by omission requires proof that a plaintiff suffered actual damages as a result of a failure to disclose);
Presnell Constr. Mgrs., Inc. v. EH Constr., LLC, 134 S.W.3d 575, 580 (Ky. 2004) (negligent
misrepresentation claim subjects supplier of false information “to liability for pecuniary loss caused
to them by their justifiable reliance upon the information”); Jones v. Sparks, 297 S.W.3d 73, 78 (Ky.
Ct. App. 2009) (unjust enrichment claim requires a “benefit conferred upon defendant at plaintiff’s
expense” and “inequitable retention of benefit [by defendant] without payment for its value”). Plaintiffs
do not mention by name the civil conspiracy claim alleged in their Complaint, but the analysis for that
claim is the same. In Kentucky, the action for civil conspiracy is one “for damages caused by acts
committed pursuant to a formed conspiracy,” because without damages “no civil action lies against
anyone since the gist of the civil action for conspiracy is the act or acts committed in pursuance of the
conspiracy, not the actual conspiracy.” James v. Wilson, 95 S.W.3d 875, 897 (Ct. App. Ky. 2002).
answers apt to drive the resolution of the litigation.” Wal-Mart, 564 U.S. at 350 (internal
quotation marks omitted). If Knight (and others like him) were entitled to a discounted rate
whether he presented evidence of a prior policy or not, his claim cannot be decided in the
same stroke as that of an individual who was entitled to a discounted rate only if she
produced evidence of a prior policy.
Plaintiffs try to get around this by arguing that the presentment requirement and
STGC’s disclaimer may be legally void. That is a merits question. But even if Plaintiffs
ultimately prevail on that argument, the fact that a significant legal question exists for some
members of the class but not for others, including the named plaintiff, show that
commonality (and typicality, see infra at 19-20) is lacking. “Dissimilarities within the
proposed class are what have the potential to impede the generation of common answers.”
Wal-Mart, 564 U.S. at 350. The propriety of class treatment cannot hinge on a crucial
merits question being decided in a particular way in the future. See id. (“Th[e] common
contention, moreover, must be of such a nature that it is capable of classwide
resolution–which means that determination of its truth or falsity will resolve an issue that
is central to the validity of each one of the claims in one stroke.”).
Other district courts to have confronted proposed classes like this one have reached
similar conclusions. In Chesner v. Stewart Title Guar. Co., No. 06-cv-476, 2009 WL
585823, at *8 (N.D. Ohio Jan. 9, 2009) (Chesner II), the court decertified a class similar to
the one proposed here because the rate manual required that “the evidence of the actual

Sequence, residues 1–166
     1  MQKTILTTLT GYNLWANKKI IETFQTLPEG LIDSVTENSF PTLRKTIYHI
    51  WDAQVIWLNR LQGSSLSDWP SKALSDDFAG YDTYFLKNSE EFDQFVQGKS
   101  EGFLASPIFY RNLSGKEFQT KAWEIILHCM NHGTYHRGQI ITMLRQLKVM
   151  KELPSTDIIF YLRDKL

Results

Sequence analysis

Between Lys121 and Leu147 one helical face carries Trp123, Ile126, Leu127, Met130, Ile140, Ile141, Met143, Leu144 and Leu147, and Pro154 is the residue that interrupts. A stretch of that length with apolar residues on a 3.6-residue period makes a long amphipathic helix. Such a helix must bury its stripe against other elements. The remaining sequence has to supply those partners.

prior policy must be provided,” and “[t]here is simply no question that Plaintiffs cannot
provide class-wide proof establishing that every class member purchased a prior lender’s
policy. To do so, every individual file must be examined in detail.” Id.
Similarly, the Sixth Circuit affirmed the decertification of a class of Ohio ratepayers
who alleged they were not granted discounts they were entitled to because “determining
liability would require an examination of each individual policy [defendant] issued to
determine if [defendant] had received a copy of the prior policy or ‘other information’
suggesting that such a policy had previously been issued.
Under this framework,
establishing that [defendant] received this information is essential to proving liability and,
as the district court found, a highly individual inquiry.” Randleman v. Fidelity Nat’l Title Ins.
Co., 646 F.3d 347, 353 (6th Cir. 2011) (holding that common questions did not
predominate); see id. (explaining that “district courts in Ohio considering similar class
actions brought against other title insurers have all concluded that common issues do not
predominate and have either denied class certification or decertified classes”). See also
Scott v. First Am. Title Ins. Co., 276 F.R.D. 471, 478 (E.D. Ky. 2011) (“Far from resolving
the entitlement issue in one stroke, the resolution of whether a putative class member
qualified for a discount that he or she failed to receive requires highly individualized factbased inquiries into each borrowers’ relevant real estate transactions because discounts
are applicable under First American’s rate scheme only if title to the property was
previously insured.”); Corwin v. Lawyers Title Ins. Co., 276 F.R.D. 484, 490 (“[I]nstead of
liability being established ‘in one stroke,’ it would take an assessment of each transaction
to determine if the absent class member qualified for the discount rate.”).
Contrary to Plaintiffs’ contention, the Jefferson County Circuit Court’s certification
of a different overcharge case in Finney does not suggest that common questions are
presented here. Stewart Title Guar. Co. v. Finney, No. 11-499, 2012 WL 5378813 (Ky. Ct.
App. Nov. 2, 2012). That case encompassed claims regarding fees under only one rate
schedule–the 1999 rate schedule. Id. at *3. And the trial court found that policy-issuing
agents “monolithically followed” the directives of 1994’s higher-rate schedule (that KDOI
had rejected) even when the 1999 rate schedule was meant to apply, meaning that the
agents necessarily denied the lower 1999 rates and discounts to every insurance
purchaser. Id. at *4-5. There is no such common contention here.
In Finney, “[t]he primary dissimilarity [among class members STGC] identified [wa]s
the number of policies each Stewart insured has purchased, which agent they purchased